Which Switch Fits?

January 11, 2016By Behind the Shelf Blog, Industry Intuition

by Dave Wendland

The number of and success of Rx-to-OTC switches has fluctuated over the years. While there seems to be an uptick of these transitions recently, in fact there haven’t been nearly as many as we saw in the '80s and '90s. Opportunity certainly exists, but what are the challenges or risks?

The average U.S. household spends about $340 per year on over-the-counter (OTC) products, with annual nationwide spending totaling $2.9 billion, according to the Consumer Healthcare Products Association (CHPA). Drugs that started as prescriptions and transitioned to OTC accounted for 19 percent of OTC sales. These transitions can be an important revenue-boosting opportunity for business.

Since 1976, 106 prescription medications have gone from Rx to OTC. Why so few? Simply put, there’s a lot more to the process than moving the package from the pharmacy to the drug store aisle. However, it is important to note those 106 medications account for more than 700 stock-keeping units (SKUs) at retail taking into consideration sizes, flavors, and forms.from Rx to OTC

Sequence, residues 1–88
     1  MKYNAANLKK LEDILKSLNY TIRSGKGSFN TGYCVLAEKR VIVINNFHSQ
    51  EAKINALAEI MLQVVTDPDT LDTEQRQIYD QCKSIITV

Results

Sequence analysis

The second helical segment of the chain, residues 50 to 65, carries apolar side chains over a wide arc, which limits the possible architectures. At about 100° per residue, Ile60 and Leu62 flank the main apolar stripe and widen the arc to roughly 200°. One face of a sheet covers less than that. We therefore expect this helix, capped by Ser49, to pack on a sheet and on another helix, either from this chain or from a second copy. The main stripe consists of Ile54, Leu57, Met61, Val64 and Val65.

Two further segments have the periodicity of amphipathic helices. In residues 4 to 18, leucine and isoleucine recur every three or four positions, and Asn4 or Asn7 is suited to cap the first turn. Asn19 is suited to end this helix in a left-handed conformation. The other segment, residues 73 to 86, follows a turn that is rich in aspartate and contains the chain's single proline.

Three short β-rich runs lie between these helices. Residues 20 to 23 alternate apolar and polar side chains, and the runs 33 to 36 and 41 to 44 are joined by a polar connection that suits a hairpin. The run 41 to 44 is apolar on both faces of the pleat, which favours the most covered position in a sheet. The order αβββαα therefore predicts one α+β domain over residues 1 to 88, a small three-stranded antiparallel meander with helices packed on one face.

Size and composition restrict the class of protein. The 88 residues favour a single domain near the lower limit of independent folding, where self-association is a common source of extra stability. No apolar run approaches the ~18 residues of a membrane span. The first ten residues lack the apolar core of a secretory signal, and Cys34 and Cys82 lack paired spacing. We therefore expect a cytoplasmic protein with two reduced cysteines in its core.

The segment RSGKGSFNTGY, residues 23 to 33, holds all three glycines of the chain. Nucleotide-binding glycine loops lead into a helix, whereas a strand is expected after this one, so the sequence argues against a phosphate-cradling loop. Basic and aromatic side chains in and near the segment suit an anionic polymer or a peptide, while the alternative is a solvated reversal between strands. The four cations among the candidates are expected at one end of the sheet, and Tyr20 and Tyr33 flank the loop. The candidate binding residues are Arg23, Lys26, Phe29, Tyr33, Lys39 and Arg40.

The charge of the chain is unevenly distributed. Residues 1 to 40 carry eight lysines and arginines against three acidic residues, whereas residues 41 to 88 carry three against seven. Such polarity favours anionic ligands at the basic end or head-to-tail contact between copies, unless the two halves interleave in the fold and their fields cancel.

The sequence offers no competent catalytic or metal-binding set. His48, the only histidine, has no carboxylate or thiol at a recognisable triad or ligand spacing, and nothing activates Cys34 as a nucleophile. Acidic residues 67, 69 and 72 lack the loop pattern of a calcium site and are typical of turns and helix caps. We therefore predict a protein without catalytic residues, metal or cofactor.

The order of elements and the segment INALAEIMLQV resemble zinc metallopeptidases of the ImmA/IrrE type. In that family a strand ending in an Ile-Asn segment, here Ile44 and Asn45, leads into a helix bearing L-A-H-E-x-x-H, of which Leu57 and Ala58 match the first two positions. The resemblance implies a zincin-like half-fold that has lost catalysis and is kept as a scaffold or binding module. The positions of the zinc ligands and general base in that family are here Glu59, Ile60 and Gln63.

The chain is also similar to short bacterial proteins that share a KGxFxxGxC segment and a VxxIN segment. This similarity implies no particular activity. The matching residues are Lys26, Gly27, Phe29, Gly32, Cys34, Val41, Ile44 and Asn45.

Here are five things that can make or break a switch to non-prescription status for the manufacturer bringing it to market:

  1. Consumer marketing expertise – for most prescription-based manufacturers the difference between OTC and medical marketing is like entering a foreign country.
  2. Consistent messaging – no longer is the physician guiding the patient to the product, therefore messaging must be clear, concise, and ubiquitous.
  3. Consumer awareness – once the message is determined, choosing an effective array of media channels is essential.
  4. Reasonable price point – introducing an OTC item without first understanding what product(s) the consumer may already be using to address their needs and retail prices of those products is a recipe for disaster.
  5. Education – at the center of the success of any of these switches is education for the consumer, pharmacist, physician, and payer community. Sharing knowledge will increase sales performance in the market.

Once introduced, OTC medications face new challenges competing not only against other pharmacological formulations, but also against other OTC products, functional foods, and nutritional options. As medications are considered for over-the-counter sales and manufacturers begin developing their strategy, it is essential to remember that ‘patients’ become ‘consumers.’

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